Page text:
the challenges that must be overcome. It's not enough to do only
one thing (our jobs) well.
Personal means private.
Fair or not, it is counter-productive
to discuss home life, children, diet regimens, etc. on the job
-- especially for executive women. Sympathy,
empathy, understanding, fellowship and the like are not what
we get when we bear our souls in the corporate environment. Unfortunately,
there are preconceived ideas of what corporate "mommies"
and "daddies" are willing and/or able to do. If you
want to be evaluated on performance alone and play with the 'big
boys' -- keep your personal life to yourself.
Tap the power of the word "NO."
First, learn to say it, firmly,
and mean it when inordinate requests for your time or involvement
will conflict with your goals -- professional,
personal, or physical. Balancing all of your responsibilities
means fully contributing in each area of life and not obsessing
in any one. It's a safety valve!
Second, conversely, never take
'no' for an answer if it means compromising the important objectives
of your balanced life. Successfully surfing the corporate tide
means aligning your resources, planning your schedule, and demanding
needed tools and support. Never let a 'no' get in the way of
your goals. Research, rephrase, re-propose, but get there.
The single most important thing
I have learned is that the population of each area of my life
expect a different part of my multi-faceted personality to come
forward, consistently. My children don't appreciate my cooler
professional demeanor when focused on them and the things important
to them. My staff and peers rarely appreciate parenting. My physical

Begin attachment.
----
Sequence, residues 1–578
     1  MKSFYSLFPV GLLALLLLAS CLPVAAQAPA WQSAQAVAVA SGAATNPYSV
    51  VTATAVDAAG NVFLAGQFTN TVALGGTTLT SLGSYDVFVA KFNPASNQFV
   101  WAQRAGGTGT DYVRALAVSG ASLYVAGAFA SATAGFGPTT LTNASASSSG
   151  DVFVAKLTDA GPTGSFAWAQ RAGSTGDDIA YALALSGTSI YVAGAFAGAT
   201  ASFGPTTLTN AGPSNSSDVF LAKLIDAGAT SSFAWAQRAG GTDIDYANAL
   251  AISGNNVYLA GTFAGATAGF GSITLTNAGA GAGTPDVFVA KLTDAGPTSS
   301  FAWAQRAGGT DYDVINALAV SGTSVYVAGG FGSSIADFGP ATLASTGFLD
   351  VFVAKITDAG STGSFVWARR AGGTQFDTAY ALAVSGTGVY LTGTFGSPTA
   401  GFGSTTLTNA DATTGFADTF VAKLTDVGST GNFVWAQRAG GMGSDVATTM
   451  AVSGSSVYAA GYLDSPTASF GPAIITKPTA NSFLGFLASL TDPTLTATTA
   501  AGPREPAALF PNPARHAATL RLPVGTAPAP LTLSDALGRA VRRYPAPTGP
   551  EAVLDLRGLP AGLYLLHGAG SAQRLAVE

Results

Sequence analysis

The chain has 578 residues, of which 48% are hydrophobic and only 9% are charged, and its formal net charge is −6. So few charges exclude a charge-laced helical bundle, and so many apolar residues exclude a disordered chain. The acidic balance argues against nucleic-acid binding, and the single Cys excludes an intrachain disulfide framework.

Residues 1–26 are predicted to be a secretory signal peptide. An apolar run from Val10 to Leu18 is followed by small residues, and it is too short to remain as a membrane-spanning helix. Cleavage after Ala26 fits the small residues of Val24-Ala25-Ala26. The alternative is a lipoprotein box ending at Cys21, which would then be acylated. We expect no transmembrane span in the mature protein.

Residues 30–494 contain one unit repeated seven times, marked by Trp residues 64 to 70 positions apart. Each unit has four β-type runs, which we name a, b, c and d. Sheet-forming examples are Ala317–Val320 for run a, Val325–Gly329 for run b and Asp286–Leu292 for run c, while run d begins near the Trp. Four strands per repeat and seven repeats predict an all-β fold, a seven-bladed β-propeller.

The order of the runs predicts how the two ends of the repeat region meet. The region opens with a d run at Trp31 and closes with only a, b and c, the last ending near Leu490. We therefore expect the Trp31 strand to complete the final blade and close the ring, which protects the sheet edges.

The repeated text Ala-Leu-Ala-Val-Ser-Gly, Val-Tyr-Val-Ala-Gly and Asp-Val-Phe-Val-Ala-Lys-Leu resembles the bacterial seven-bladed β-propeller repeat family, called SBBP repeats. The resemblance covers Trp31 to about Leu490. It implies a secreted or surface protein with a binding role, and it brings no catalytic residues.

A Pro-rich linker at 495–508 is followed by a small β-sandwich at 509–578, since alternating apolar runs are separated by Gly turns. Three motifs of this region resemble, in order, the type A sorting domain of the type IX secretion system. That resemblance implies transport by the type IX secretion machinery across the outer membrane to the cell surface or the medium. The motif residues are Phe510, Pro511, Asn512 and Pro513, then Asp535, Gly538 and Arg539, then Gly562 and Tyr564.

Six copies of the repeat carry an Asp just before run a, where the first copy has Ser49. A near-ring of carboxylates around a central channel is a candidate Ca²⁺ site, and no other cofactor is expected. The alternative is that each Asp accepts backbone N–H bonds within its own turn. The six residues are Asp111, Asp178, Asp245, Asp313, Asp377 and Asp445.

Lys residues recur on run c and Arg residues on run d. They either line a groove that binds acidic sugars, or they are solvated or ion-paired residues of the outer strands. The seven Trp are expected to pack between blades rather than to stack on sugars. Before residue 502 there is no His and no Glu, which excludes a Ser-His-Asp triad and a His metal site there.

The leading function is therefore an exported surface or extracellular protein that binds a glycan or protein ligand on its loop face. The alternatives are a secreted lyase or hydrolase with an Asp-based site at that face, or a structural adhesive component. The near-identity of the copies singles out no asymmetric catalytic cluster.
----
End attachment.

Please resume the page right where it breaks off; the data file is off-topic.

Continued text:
self needs my focus at least 30 minutes every day regardless
of what my children or staff may need or want. Sometimes I need
a moment to refocus and I give myself that time. Part of my desired
standard of behavior is to treat my staff, family, and body with
the respect deserved.
Prioritize, prioritize, and prioritize.
You can handle it all. You just
can't handle it all at the same time. I might miss a PTA meeting
on a night when I am working on a presentation to the Board,
but never my child's Birthday party. I might pass on a small
extra departmental project, but I simply don't decline a business
trip with high visibility. I make conscious, measured choices
and I discuss them with my family and often my staff because
they inevitably are effected.
The trends over the last decade
in Corporate America have included telecommuting, remote and
mobile staff support, outsourcing, and other flexible work-styles.
Hat's off to the master jugglers, those quietly pushing these
positive trends, developing the supportive technology, and proposing
process changes that support the pursuit of more balanced lives.
- For 20+ years, Rosanna Pittella has served Corporate America, providing
practical strategies and facilitating their implementation. A
strategist focused on the "human side of technology"
she has educated IT audiences (NYC's PCEXPO/1997&1998, IT
Forum, San Francisco/1998), been featured in PCWeek, PCWeek
Online, and Executive Female, and appeared on Silicon
Spin, Ziff-Davis/TV (Sept. 98). Rosanna Pittella may be
reached at either PRGL/Catalyst Group headquarters (NY Metro
or West Coast) at 800-749-8446, or via [email protected]
or [email protected].